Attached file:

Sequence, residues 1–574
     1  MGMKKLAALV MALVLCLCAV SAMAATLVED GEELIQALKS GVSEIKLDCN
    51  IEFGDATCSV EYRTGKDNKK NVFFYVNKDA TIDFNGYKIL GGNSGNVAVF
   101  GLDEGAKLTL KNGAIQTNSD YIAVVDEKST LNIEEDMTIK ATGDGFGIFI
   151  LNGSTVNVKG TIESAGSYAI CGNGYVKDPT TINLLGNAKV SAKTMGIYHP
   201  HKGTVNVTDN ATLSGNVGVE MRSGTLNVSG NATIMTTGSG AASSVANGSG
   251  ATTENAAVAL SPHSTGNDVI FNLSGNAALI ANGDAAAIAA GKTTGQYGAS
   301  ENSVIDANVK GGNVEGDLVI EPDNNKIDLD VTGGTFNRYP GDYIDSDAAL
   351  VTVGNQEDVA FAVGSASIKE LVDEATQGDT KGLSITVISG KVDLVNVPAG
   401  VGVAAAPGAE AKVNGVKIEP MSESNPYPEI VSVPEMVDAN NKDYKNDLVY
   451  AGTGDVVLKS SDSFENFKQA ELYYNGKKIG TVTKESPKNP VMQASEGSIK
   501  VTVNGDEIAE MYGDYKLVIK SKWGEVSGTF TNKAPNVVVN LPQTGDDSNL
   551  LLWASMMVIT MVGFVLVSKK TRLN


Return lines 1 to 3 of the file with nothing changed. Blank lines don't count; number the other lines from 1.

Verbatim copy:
Sequence, residues 1–574
     1  MGMKKLAALV MALVLCLCAV SAMAATLVED GEELIQALKS GVSEIKLDCN
    51  IEFGDATCSV EYRTGKDNKK NVFFYVNKDA TIDFNGYKIL GGNSGNVAVF